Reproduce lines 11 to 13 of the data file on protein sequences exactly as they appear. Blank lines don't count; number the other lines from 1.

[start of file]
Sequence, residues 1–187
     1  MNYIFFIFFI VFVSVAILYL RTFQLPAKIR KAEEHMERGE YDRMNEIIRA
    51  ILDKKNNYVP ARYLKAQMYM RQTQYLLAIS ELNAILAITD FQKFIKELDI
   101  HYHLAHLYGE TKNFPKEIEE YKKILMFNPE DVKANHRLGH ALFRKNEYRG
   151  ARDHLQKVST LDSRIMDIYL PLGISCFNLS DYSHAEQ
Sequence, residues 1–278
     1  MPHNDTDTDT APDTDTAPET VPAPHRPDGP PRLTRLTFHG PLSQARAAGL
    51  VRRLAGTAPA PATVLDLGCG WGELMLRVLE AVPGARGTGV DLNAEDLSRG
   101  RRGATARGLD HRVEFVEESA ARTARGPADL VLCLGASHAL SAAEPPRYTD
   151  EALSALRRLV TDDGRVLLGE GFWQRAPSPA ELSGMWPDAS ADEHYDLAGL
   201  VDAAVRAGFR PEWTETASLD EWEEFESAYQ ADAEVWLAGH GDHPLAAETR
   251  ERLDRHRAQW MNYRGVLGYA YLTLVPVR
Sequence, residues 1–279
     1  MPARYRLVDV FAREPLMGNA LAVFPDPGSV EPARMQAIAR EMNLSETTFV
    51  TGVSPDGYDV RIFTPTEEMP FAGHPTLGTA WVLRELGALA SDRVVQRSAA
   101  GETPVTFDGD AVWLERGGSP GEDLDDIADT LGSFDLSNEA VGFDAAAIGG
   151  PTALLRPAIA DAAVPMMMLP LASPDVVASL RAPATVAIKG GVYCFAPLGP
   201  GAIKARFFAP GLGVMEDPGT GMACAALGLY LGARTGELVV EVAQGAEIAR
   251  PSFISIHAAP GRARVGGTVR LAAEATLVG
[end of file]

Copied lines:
   201  VDAAVRAGFR PEWTETASLD EWEEFESAYQ ADAEVWLAGH GDHPLAAETR
   251  ERLDRHRAQW MNYRGVLGYA YLTLVPVR
Sequence, residues 1–279